Changing Systems to Meet Employees’ Needs

Changing Systems to Meet Employees’ Needs

April 19, 2023
Funeral Service


Horan & McConaty (H&M) was founded by John Horan, who believed that his funeral home’s most valuable asset was its strong reputation for providing high quality service to families of the deceased. Leveraging this reputation, H&M grew from two locations in 1986 to seven locations serving the entire Denver metro area.

As H&M opened new locations, expanded its geographic footprint, and hired additional employees, it encountered difficulties in scaling its culture, processes, and management leadership training. With these challenges came poor communication, conflict between departments, functional silos, and employee dissatisfaction. Valuable employees became frustrated and left the company. Not surprisingly, these problems hurt the quality of H&M’s service to its customers, dragging down customer satisfaction and, along with it, H&M’s reputation. As a result, H&M’s costs rose while revenues and profitability fell.
The internal conflict came to a head in 2013, when the three core functions—funeral directors, scheduling, and operations—stopped working effectively with each other. The funeral directors complained that they were not in charge of their own schedules; the scheduling team blamed the funeral directors for providing poor service; and the operations team blamed the funeral directors for all the company’s problems.


Realizing the risk such problems posed for the organization, H&M’s leadership turned to Arbinger for help. After conducting exploratory work to assess the situation, Arbinger proposed an initial two-day workshop for management leadership training. Afterwards, two of H&M’s leaders were selected to become internal facilitators who could train and support the rest of H&M’s employees.

The management leadership training had a significant impact on H&M’s leaders. They began to systematically apply Arbinger’s self-awareness, mindset-change, and collaboration tools. These tools helped them re-examine the persistent conflict among scheduling, operations, and the funeral directors. Leaders in each function began to ask how they themselves might be contributing to the problem and to start looking for ways that they could better support each other.

H&M’s leaders also started to carefully listen to the needs of employees across the company, learning things that they had never known about their employees’ day-to-day work. This newfound understanding led them to reconsider policies, procedures, and common practices as well as examine data that they had previously ignored.

The leadership team was surprised to discover that the funeral director with the highest customer satisfaction scores and greatest revenue generation was the newest in the company. After digging deeper, they realized that this high performer was working with two funeral homes located 20 minutes apart from each other. Other funeral directors were responsible for multiple sites that were more widely dispersed. When asked what made her so effective, the new funeral director confirmed that she benefited greatly by having only two locations and minimal travel time. This setup had allowed her to quickly develop positive relationships with the staff at both locations, become intimately familiar with the differences and specific needs of each location, develop long-term relationships with families, and to oversee more funerals per day. Upon receiving this new information, H&M implemented a companywide change so all funeral directors would work with two funeral homes and have more autonomy over their own schedules. This enabled them to better meet the needs of grieving families while building a more cohesive, concentrated team culture.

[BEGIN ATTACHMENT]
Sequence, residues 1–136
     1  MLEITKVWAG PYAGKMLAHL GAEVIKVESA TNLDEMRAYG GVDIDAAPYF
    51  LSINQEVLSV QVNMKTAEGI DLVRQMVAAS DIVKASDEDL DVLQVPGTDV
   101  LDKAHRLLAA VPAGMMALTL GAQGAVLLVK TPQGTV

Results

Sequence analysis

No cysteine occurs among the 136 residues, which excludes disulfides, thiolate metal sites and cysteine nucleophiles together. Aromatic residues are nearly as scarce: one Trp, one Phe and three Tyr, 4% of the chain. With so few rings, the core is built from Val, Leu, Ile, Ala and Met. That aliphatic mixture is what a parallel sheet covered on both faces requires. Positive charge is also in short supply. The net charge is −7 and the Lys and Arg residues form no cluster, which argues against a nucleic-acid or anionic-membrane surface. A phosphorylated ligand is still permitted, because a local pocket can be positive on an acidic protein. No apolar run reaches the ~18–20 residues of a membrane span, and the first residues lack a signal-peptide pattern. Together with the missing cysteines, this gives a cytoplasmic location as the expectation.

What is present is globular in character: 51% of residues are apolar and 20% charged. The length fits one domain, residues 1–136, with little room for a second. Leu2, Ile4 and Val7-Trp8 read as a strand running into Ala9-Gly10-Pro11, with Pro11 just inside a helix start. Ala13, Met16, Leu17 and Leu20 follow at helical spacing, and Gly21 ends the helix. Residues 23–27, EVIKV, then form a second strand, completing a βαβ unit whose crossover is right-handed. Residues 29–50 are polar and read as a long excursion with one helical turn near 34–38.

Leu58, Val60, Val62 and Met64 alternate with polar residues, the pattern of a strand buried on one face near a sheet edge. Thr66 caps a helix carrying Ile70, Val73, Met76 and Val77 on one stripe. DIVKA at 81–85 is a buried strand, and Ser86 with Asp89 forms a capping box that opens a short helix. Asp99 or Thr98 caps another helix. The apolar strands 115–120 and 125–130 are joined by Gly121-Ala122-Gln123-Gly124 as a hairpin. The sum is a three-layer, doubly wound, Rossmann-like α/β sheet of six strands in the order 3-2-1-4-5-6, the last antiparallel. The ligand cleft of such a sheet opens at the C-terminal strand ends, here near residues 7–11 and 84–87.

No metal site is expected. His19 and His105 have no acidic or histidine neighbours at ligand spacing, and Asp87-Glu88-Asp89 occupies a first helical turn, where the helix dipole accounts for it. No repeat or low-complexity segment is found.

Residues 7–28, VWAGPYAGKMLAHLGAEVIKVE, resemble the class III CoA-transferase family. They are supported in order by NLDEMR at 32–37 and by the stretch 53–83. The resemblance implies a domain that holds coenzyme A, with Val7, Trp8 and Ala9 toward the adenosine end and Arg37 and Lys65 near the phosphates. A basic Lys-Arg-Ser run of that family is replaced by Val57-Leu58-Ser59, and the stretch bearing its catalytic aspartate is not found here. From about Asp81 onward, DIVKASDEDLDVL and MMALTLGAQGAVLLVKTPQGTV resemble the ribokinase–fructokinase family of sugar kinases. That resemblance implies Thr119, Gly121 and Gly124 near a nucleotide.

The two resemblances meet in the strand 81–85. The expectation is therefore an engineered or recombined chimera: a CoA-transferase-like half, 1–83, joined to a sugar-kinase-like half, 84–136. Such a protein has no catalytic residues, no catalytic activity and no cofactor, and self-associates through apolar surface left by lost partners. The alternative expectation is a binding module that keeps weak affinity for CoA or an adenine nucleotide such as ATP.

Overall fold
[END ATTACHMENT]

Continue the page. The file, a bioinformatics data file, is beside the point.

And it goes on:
By placing funeral directors in charge of their own schedules, H&M increased how promptly funerals could be scheduled. They were also able to streamline their company and reduce operating costs by eliminating the scheduling function entirely. Because funeral directors were helped to view their work in terms of how they impact others, and because they spent less time driving between facilities, directors experienced greater empowerment and motivation. Rather than avoiding calls from bereaved families, they now welcomed those calls. They also began volunteering to help colleagues and train new hires—tasks that had previously been neglected.

The positive change wasn’t limited to management leadership training for funeral directors alone. With Arbinger’s help, H&M experienced a cultural shift where employees across the company began seriously evaluating their impact on coworkers and customers. Teams began spontaneously collaborating to meet the needs of families and each other. Key indicators tracked by the firm improved from these changes. Clients’ ranking of H&M’s “Support and Follow-up,” improved by 10%, and H&M’s Net Promoter Score (NPS) showed a commensurate increase of 10% as well. Tangible benefits were also experienced within the organization. As a result of providing improved service through increased collaboration, employee satisfaction, and engagement improved while overtime and employee turnover were significantly reduced. According to H&M’s CFO Dan Frakes, “We discovered that there is a direct correlation between collaboration and decreasing costs.” With lower costs and higher revenues, H&M is now more profitable than ever and is growing the collaborative culture that the families they serve depend upon.

Using Arbinger’s programs to systematically implement an outward mindset in our work has dramatically improved the experience our clients have with our firm and the experience our employees are having with each other.

Darren Forbes – COO | Horan & McConaty
Horan & McConaty is a family-owned funeral service organization with multiple funeral homes and crematories in Denver and surrounding areas
Horan & McConaty
Funeral Service